Track 10
Jam in A Aeolian (C Major). Get used to the sound of the Aeolian mode. Work on developing your ear so that it will guide you to the strong chord tones within the mode and help you avoid the b6 where you need to. Then start to use it to make proper solos. Breath. Mix up positions. Explore. Experiment.

Track 11
Jam in B Locrian (C Major). Get used to the sound of the Locrian mode. Work on developing your ear so that it will guide you to the strong chord tones within the mode - and in this case just create a vibe. It can be hard to use this one but stick at it and you will get some cool sounds going on. Breath. Mix up positions. Explore. Experiment.

Track 12
This is a great track for learning to 'make the changes'. Here you have 2 bars of A7 followed by two bars of D7. You can use this for changing modes: over the A7 play A Mixolydian (PMS - D Major), and over the D7 play D Mixolydian (PMS - G Major). This will really help you get into the idea of changing modes. Remember this is pretty basic in the grand scheme of things but may seem next to impossible when you start if you are not used to the idea :) Also really good for changing arpeggios, just changing between A7 arp and D7 arp. Really useful technique to add a little spice to your blues playing. Advanced players might try using the Lydian Dominant mode.

Track 13
Same kinda deal as above but this time moving from A Dorian (PMS - G Major) to C Dorian (PMS - Bb Major). 4 bars on each one. This kinda thing is lots of fun, makes you think and then lets you open up to new sounds, so you can think less and feel more :)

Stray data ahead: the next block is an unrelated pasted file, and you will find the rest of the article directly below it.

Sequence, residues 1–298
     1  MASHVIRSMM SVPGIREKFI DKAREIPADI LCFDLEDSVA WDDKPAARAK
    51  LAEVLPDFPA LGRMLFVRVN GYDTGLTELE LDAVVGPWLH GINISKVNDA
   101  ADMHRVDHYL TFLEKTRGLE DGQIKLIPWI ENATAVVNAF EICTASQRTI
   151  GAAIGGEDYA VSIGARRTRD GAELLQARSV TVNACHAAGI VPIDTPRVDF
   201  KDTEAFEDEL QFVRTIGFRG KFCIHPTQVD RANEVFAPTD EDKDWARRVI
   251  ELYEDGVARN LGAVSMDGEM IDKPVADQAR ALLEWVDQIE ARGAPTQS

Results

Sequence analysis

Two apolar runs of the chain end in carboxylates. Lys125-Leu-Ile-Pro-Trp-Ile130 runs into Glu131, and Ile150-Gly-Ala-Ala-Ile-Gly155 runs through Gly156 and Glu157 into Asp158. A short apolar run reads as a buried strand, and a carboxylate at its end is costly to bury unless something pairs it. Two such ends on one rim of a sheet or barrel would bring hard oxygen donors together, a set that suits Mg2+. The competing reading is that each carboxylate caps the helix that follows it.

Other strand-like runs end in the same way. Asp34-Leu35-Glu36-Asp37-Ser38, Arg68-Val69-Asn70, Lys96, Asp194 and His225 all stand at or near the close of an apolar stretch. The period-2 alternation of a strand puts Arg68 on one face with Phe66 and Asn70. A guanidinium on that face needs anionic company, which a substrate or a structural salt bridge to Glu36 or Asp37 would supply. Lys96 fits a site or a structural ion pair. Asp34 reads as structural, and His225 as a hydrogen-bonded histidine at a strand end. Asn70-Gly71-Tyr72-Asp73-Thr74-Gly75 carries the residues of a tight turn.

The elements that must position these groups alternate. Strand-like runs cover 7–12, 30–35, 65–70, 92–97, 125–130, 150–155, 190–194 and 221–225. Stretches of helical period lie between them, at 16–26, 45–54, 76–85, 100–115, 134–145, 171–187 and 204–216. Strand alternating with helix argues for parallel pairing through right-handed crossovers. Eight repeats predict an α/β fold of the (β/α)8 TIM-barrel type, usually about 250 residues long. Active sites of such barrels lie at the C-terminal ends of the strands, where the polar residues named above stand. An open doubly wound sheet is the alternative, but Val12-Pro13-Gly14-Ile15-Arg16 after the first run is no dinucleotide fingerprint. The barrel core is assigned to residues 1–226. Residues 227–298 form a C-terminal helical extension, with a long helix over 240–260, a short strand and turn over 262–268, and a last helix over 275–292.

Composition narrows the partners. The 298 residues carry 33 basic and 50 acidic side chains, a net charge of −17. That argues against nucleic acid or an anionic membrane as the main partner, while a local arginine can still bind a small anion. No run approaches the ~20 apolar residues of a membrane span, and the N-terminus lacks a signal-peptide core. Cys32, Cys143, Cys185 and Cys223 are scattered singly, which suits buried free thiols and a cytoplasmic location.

Tracks 14 to 17

Should be used as a drone in the background for scale and arpeggio practice. Only the first has a sample - they all sound the same, just different chords...

Track 14
Two minutes of a G Major chord. Put your metronome on and then practice your Major Scale, Lydian mode or Mixolydian mode, or and type of major arpeggio and this 'drone' chord will help keep them in context and train your ears!

Track 15
Two minutes of a A minor chord. Put your metronome on and then practice your minor scales: Aeolian mode, Dorian mode, Phrygian mode, Harmonic Minor, Melodic Minor and any type of minor arpeggio. This 'drone' chord will help keep them in context and train your ears!

Track 16
Two minutes of a D7 (Dominant ) chord. Put your metronome on and then practice your Mixolydian mode or dominant arpeggio and this 'drone' chord will help keep them in context and train your ears! Advanced players might also try the Lydian b7 scale (Lydian Dominant).

Track 17
Two minutes of a F#minor7b5 chord. Put your metronome on and then practice your Locrian mode, or a min7b5 arpeggio and this 'drone' chord will help keep it in context and train your ears!

*NOTE: PMS = Parent Major Scale


Credits

All content written and owned by Justin Sandercoe and ©2007-2008. All instruments played and programmed by Justin. Real guitar, real bass, keyboard sounds from Logic Audio. Drums loops from 'Backbeat' by Spectrasonics. Recorded using Maton Messiah Acoustic, Fender Strat into Fender Prosonic Amp, Fender Jazz Bass direct into Focusrite preamp. Effects added after recording using Logic Audio plug-ins and TC Electronic G-System.

Terms and Conditions

Basically, if you don't like it, send it back in 14 days in perfect condition and I'll refund your money. If you've damaged it, that's not cool. If it's damaged in transit, send it back and I'll send you a new one and refund your postage. I have to put up an 'official' terms and conditions - but I want you guys to be happy, so please contact me with any problems and I will do my best to help. Thanks. Official terms and conditions can be found here.


Lesson ID: PR-022